The Ten Commandments begin “I am G‑d your L‑rd Who took you out of Egypt.” The Rabbis ask: Why does it not say: “Who created heaven and earth”? Seemingly, the creation of existence from absolute nothingness is a more telling miracle. After all, for nothing to exist — not a vacuum, but absolute nothingness — and then for existence to be brought into being is something beyond our understanding entirely. Indeed, creation is something truly G‑dly, beyond mortal potential entirely. Why then is it not mentioned in the Ten Commandments?

Among the answers given:

a) In creation, G‑d made a world out of nothingness. That involves a change from one gestalt to another. When G‑d took the Jews out of Egypt with miracles and wonders, however, He did not merely break the prevailing gestalt. He performed wonders within it. The Jews left Egypt as souls in physical bodies. They were a nation made up of families: husbands, wives, and children. And they were bearing great wealth. Thus, the world as it existed previously continued to exist and yet, its natural pattern was superseded by miracles. This — the combination of the natural and the above natural — represents a fusion of opposites which is an even greater miracle than creating a new reality.

Moreover, it also points to the purpose of the Giving of the Torah. For the ultimate goal of the Torah is to combine the physical and the spiritual, not to favor one over the other. In other worlds, the Torah does not want a person to abandon the material for an ascetic spiritual experience. Nor does it desire that man invest himself primarily in material existence. Instead, the two must be harmonized and fused together.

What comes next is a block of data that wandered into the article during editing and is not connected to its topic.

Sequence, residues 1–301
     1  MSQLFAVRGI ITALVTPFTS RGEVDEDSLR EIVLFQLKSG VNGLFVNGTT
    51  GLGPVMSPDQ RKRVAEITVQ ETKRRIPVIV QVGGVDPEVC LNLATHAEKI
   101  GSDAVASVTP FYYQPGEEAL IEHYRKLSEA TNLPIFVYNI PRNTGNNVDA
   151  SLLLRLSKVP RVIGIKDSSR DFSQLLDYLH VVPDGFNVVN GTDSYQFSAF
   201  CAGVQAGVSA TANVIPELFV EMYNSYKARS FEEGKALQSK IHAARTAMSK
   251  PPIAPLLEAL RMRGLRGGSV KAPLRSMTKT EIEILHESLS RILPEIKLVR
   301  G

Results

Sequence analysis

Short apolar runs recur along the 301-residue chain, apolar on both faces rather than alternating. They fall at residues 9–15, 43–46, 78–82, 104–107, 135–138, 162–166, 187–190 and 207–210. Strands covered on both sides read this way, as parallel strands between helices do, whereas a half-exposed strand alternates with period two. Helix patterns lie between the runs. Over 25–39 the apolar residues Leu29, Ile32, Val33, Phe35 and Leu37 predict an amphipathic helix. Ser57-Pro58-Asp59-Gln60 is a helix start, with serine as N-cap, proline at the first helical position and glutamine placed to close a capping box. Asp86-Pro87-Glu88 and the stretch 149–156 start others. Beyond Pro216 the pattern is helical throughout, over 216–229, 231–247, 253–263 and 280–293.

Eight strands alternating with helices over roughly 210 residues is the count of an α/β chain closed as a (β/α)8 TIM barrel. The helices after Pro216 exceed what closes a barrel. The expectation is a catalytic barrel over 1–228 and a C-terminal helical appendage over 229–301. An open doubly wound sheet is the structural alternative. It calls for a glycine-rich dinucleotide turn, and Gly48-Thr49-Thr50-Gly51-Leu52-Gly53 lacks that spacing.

b) Creation was an all-encompassing act involving existence as a whole. But for the people who stood at Sinai, it was something far off and impersonal. The exodus, by contrast, was very real to them on an individual level. Were it not for the exodus, they would have still have been slaves in Egypt. The exodus taught them how their relationship with G‑d affected their lives in the here and now. Instead of a removed Creator, they felt the presence of a G‑d Who takes care of them.

Even for subsequent generations for whom the exodus is also a historical and not a personal event, it is still G‑d caring for our ancestors. He is involved with man and not an abstract Watcher, withdrawn from our lives.

c) The relationship between man and G‑d is “measure for measure.” If the Ten Commandments would highlight G‑d as the Creator of nature, that would imply that our service of Him could also be confined within our natural limits, what comes easily to us. Recalling the exodus indicates that our commitment to Him must transcend those and indeed, all limits. Just like the exodus revealed a pattern of Divine Providence beyond all mortal conception, so too, we must show an unbounded commitment and a willingness to serve Him in any and all ways.

Looking to the Horizon

The revelation at Sinai represented a turning point in the world’s spiritual history. When G‑d descended on Mount Sinai, the nature of the world changed. As the Midrash states, at that time, G‑d said: “I came into My garden.” G‑dliness returned to the world and the world became His garden, the place where He luxuriates and from which He receives pleasure and satisfaction.

True, directly afterwards, the people sinned — they made a Golden Calf and, in that way, prevented G‑dliness from being revealed in our ordinary material framework of reference. Nevertheless, the essential bond, the fundamental connection between G‑d and this world remained. The issue is that at Sinai, the connection was open and apparent. Mankind could appreciate G‑dliness. After the sin, He was hidden from man’s consciousness and the challenge of relating to Him became man’s responsibility and mission.

But that is precisely the advantage of this phase of our existence. G‑d is waiting for man to make Him part of his life and it is all dependent on man. There are no restraints from Above. If we truly desire, we can make Him part of our lives and make the age of Mashiach a tangible reality.